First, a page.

Journal of Chemical Ecology

, Volume 38, Issue 7, pp 846–853 | Cite as

Efficient Sex Pheromone Trapping: Catching The Sweetpotato Weevil, Cylas formicarius

  • G. V. P. Reddy
  • Nirupa Gadi
  • Anthony J. Taianao


The sweetpotato weevil, Cylas formicarius (Fabricius) (Coleoptera: Brentidae), is the most serious pest of sweetpotato around the world, damaging sweetpotatoes in the field and in storage, as well as being a quarantine pest. Because the larval period is spent within vines or tubers, and the adults are nocturnal, chemical control frequently is not effective. In addition, there are few natural enemies, and pheromone-based trapping does not appear to reduce the damage level. In the present study, we evaluated a number of parameters that affect pheromone-based trap catch, including trap design, trap size, trap color, and height at which the traps are placed. Pherocon unitraps caught higher numbers than ground, funnel water, or delta traps. Medium-sized traps (13 × 17.5 cm) were more effective than larger or smaller traps. In a color-choice test, C. formicarius preferred red over gray, brown, blue, white, yellow, black, or red traps; light red was more attractive than other shades of red. Maximum catches were obtained when the traps were set 50 cm above the crop canopy. Light-red unitraps with pheromone lures caught more adults than identical traps without lures, suggesting that C. formicarius is influenced by both visual and olfactory cues. Pheromone-baited light-red unitraps, 13 × 17.5 cm, installed 50 cm above the crop canopy, were the most effective at catching C. formicarius adults, and they appear to have the greatest potential for use in trap-and-kill strategies and eradication programs.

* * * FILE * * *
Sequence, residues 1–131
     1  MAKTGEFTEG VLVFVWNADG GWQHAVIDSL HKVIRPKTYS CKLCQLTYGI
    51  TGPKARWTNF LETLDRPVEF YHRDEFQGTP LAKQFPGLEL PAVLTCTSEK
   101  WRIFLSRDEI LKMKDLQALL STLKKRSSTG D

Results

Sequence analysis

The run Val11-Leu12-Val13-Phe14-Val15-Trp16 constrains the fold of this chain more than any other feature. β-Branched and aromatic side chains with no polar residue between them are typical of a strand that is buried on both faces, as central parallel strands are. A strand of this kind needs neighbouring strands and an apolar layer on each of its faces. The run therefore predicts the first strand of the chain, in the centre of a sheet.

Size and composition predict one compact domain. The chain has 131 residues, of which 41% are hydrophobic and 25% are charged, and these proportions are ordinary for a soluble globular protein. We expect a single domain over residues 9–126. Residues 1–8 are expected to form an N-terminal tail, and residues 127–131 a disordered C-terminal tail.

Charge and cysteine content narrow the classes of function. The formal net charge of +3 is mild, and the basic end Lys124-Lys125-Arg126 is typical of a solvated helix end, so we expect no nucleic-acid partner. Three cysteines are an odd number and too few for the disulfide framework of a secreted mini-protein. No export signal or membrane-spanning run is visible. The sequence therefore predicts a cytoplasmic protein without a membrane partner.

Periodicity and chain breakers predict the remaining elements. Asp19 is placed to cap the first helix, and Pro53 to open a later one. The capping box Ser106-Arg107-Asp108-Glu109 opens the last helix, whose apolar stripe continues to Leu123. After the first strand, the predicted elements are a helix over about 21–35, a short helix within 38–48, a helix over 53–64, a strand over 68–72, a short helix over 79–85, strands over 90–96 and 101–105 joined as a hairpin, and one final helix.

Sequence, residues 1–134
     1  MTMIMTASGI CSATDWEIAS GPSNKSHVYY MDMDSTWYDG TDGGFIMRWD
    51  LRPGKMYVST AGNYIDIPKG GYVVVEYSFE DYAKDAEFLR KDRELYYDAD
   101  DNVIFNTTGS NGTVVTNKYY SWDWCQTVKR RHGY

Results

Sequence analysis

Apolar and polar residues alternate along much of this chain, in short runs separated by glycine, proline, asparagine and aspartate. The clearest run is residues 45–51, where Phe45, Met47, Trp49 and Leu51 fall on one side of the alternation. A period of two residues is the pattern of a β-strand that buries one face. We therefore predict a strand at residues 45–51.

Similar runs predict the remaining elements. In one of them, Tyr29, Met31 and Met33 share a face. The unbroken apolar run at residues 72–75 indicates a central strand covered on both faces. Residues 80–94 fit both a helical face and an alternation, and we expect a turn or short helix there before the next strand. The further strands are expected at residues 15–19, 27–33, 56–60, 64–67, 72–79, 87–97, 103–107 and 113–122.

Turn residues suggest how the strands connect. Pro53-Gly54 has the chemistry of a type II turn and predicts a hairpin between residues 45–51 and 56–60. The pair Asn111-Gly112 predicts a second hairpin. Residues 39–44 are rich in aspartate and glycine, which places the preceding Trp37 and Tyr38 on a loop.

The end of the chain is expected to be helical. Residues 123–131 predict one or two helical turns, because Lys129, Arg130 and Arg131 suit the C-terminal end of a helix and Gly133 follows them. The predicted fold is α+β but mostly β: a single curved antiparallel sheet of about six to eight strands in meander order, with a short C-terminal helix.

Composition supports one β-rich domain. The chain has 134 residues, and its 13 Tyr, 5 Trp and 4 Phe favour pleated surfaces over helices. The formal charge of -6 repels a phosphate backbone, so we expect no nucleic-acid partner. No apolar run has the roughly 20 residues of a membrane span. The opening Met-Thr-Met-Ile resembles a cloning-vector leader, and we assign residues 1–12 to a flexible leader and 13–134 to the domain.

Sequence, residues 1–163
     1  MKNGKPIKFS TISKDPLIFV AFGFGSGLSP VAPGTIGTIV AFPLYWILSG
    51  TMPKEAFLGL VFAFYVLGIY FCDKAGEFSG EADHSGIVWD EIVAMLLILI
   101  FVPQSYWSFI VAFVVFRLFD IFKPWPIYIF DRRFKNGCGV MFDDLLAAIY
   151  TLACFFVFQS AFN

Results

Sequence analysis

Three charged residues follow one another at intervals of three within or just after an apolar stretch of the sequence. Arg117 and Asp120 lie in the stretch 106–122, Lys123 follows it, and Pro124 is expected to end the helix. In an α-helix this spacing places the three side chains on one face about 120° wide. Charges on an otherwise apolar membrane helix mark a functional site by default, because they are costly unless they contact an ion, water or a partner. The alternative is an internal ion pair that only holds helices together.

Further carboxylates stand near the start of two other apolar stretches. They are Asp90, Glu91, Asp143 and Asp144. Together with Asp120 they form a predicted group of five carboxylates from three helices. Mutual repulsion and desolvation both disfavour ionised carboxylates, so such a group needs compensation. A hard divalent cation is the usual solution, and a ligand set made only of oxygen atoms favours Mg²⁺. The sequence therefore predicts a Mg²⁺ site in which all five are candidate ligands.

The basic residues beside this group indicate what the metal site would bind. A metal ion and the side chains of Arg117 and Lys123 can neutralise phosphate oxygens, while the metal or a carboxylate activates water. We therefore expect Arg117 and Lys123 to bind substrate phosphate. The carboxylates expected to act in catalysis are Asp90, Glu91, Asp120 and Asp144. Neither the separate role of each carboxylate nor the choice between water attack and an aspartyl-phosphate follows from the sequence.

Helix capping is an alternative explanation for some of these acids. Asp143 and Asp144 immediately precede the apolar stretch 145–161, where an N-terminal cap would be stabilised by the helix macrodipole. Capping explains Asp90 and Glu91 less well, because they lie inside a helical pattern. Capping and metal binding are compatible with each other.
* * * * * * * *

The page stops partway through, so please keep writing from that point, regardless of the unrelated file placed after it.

Sex pheromone Cylas formicarius Traps characteristics Trap design Size Color Height Coleoptera Curculionidae Brentidae 


  1. Abdallah, F. F. and Al-Khatri, S. A. 2005. The effect of pheromone, kairomone and food bait on attracting adults of red palm weevil Rhynchophorus ferrugineus in the Sultanate of Oman in date palm plantations. Egyptian J Agric Res. 83:69–177.Google Scholar
  2. Austin, D. F., Jansson, R. K., and Wolfe, G. W. 1991. Convolvulaceae and Cylas: a proposed hypothesis on the origins of this plant/insect relationship. Trop Agric. 68:162–170.Google Scholar
  3. Björklund, N., Nordlander, G., and Bylund, H. 2005. Olfactory and visual stimuli used in orientation to conifer seedlings by the pine weevil, Hylobius abietis. Physiol Entomol. 30:225–231.CrossRefGoogle Scholar
  4. Braun, A. R. and Van de Fliert, E. 1999. Evaluation of the impact of sweetpotato weevil (Cylas formicarius) and the effectiveness of Cylas sex pheromone traps at the farm level in Indonesia. Int J Pest Manage. 45:101–110.CrossRefGoogle Scholar
  5. Chalfant, R. B., Jansson, R. K., Seal, D. R., and Schalk, J. M. 1990. Ecology and management of sweet potato insects. Annu Rev Entomol. 35:157–180.CrossRefGoogle Scholar
  6. Coffelt, J. A., Vick, K. W., Sower, L. L., and McClellan, W. T. 1978. Sex pheromone of the sweetpotato weevil, Cylas formicarius elagantulus: Laboratory bioassay and evidence for a multiple component system. Environ Entomol. 7:756–758.Google Scholar
  7. Downham, M. C. A., Smit, N. E. J. M., Laboke, P. O., Hall, D. R., and Odongo, B. 2001. Reduction of pre-harvest infestations of African sweetpotato weevils Cylas brunneus and C. puncticollis (Coleoptera: Apionidae) using a pheromone mating-disruption technique. Crop Prot 20:163–166.CrossRefGoogle Scholar
  8. Dyck, V. A., Hendrichs, J., and Robinson, A. S. (eds.) 2005. pp. 787, Sterile insect technique. Principles and practice in area-wide integrated pest management. Springer, Dordrecht, Netherlands.Google Scholar
  9. Faleiro, J. R. 2006. Insight into the management of red palm weevil Rhyncophorus ferrugineus Olivier: based on experiences on coconut in India and date palm in Saudi Arabia, pp. 35–57, in F. Agroalimed (ed.), I Jornada Internacional sobre el Picudo Rojo de las Palmeras (November, 2005). Fundación Agroalimed, Valencia, Spain.Google Scholar